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Yelling in the Wilderness

On occasion Elsewhere is obliged to give the background of artists who respond to our questions.

But not so Lauren and Matt Barus from Christchurch about whose recent album The Raft is Not the Shore we said “alongside elegant folk there's smart pop (You Can Choose,Tomorrow Always Comes) and weightless dream-folk (Yelling in the Wilderness) within this self-described music “for day-dreamers, cloud watchers and sad song enthusiasts . . . this impressive album shows thoughtful consideration of hard life (Hold Your Light High) and soft love without suffocating sentimentality”.

Perhaps all you need to know is that Lauren may be more familiar as LA Mitchell, and she and Matt were in the Dukes.

There are Silver Scroll nominations in their backgrounds (see our review) and . . .

Well, that is it because they are so generous in their interesting answers that we simple step aside and let them tell their stories.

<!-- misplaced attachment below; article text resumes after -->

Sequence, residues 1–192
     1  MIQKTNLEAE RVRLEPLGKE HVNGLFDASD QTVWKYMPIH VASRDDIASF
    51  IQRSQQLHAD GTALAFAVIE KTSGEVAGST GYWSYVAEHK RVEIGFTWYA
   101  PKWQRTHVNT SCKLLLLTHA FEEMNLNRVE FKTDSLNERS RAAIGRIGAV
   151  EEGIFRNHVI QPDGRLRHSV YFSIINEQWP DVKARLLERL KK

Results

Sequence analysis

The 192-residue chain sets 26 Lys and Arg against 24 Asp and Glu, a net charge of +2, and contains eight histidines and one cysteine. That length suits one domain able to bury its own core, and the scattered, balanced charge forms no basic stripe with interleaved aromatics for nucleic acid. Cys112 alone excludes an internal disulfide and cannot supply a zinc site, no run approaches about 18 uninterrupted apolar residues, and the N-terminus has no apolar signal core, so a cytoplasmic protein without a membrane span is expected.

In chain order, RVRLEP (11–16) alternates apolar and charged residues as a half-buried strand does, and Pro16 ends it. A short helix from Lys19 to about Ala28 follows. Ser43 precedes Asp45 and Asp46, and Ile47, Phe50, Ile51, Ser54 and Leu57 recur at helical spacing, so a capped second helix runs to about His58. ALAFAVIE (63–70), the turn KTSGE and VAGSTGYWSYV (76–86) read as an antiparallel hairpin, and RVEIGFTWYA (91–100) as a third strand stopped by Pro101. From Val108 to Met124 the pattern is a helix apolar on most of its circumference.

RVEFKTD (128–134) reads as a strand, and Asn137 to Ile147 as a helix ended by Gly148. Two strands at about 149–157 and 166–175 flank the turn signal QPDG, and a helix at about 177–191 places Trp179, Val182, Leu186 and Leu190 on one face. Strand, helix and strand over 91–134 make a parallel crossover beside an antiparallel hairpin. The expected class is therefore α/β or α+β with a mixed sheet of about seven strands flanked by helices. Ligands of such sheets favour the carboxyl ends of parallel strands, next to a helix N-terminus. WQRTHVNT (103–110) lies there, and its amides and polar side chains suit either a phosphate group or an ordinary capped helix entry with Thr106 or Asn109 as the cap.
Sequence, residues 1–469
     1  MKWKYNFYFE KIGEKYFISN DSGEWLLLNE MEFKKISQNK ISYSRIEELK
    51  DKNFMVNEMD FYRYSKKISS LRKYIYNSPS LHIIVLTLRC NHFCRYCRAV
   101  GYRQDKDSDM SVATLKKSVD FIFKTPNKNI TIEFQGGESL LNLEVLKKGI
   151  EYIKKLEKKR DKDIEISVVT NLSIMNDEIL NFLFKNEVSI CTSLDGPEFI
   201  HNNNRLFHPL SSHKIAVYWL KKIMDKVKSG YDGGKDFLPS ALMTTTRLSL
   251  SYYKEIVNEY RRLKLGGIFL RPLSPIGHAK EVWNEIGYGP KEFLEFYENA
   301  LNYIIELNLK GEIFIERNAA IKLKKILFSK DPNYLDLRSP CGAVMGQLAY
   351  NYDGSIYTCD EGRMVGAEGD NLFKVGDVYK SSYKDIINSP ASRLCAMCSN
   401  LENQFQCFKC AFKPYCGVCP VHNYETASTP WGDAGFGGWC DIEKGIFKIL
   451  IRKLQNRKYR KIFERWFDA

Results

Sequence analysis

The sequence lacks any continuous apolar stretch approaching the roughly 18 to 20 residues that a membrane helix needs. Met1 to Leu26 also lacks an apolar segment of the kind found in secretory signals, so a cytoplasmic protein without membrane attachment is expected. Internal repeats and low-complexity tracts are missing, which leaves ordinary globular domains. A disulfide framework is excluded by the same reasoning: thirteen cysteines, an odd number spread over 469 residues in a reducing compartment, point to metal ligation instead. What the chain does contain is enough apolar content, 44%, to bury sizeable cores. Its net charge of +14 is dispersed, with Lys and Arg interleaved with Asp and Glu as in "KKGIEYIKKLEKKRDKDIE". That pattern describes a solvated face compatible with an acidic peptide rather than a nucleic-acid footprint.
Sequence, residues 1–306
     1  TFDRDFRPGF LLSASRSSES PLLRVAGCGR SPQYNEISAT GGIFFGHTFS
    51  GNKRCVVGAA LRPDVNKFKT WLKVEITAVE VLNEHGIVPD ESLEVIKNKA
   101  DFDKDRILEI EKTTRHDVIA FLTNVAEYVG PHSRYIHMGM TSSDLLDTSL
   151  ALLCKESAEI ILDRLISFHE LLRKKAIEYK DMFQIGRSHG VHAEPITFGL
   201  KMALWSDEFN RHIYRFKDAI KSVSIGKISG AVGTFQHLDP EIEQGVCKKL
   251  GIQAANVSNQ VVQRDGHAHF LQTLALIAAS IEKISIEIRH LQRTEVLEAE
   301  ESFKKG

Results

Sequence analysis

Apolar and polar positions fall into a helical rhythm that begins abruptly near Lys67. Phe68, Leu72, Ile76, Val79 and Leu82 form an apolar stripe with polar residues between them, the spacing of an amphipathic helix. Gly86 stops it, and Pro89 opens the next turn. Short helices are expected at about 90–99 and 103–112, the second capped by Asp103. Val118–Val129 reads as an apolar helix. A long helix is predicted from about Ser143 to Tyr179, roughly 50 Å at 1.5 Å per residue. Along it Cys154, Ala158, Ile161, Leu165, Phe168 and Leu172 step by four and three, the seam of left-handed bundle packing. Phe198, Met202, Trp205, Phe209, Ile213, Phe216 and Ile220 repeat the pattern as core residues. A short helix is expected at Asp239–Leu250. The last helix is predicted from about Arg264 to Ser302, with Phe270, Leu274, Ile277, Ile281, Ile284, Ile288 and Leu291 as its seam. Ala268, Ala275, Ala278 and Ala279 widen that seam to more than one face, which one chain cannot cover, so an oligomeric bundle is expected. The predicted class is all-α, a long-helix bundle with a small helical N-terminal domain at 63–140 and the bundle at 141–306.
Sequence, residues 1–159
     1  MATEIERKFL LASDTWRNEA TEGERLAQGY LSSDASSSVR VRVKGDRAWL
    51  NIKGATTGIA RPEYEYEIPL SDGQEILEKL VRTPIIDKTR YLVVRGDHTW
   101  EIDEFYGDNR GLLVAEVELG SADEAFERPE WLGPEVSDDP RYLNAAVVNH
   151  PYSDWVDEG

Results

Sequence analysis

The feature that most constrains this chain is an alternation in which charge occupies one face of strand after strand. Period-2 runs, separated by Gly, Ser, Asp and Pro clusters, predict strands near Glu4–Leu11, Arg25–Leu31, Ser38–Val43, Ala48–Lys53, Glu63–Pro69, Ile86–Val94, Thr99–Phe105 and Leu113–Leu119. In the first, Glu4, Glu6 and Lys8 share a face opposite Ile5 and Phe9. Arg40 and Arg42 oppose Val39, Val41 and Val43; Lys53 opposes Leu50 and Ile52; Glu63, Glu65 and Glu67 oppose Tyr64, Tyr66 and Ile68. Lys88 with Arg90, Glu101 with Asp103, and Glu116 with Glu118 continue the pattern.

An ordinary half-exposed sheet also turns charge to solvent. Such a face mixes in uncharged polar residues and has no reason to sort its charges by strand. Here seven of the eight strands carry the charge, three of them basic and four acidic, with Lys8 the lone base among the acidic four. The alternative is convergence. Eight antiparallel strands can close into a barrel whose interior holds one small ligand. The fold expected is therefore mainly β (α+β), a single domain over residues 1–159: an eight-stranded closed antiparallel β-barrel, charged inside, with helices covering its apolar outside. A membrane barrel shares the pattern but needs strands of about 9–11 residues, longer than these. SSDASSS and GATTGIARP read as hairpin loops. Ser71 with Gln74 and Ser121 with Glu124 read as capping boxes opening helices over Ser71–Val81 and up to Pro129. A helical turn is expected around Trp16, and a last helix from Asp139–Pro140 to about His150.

Where did you grow up, and with who?

(Lauren) I grew up on a cherry orchard in Te Waiharakeke, Blenheim, though we moved around a bit when I was younger. The greatest chunk of my memories rest in the orchard which was built on this dusty, stony old river bed that we farmed as a family. I grew up as the youngest of three siblings with parents that worked hard at everything.

(Matt) I grew up between Christchurch and Java, Indonesia with my parents and two siblings, a sister and brother. When I finished high school in Salatiga, Indonesia, I came back to Christchurch to study at the University of Canterbury.


Was music an important part of your childhood?

(Lauren) Yes, all us kids had to learn piano for 3 years. We had guitars around, mum was a kindergarten teacher and often played nursery rhymes. She sang and so we all sang. My Dad belonged to an amateur performers group and they would have family nights where we would perform as a family, singing in harmony to my Mum playing piano.

(Matt) Very much – in Java music is everywhere and on top of that I grew up going to church. In Java, as teens we’d sit outside people’s houses at night with battered acoustic guitars and sing whatever anyone could play. There’s ‘pengamen’ on the streets, buses and markets, people who make a small living singing songs and collecting a donation from onlookers. And in the villages, there’d be constant gamelan music for neighbour’s weddings, funerals, holy days etc, it felt endless.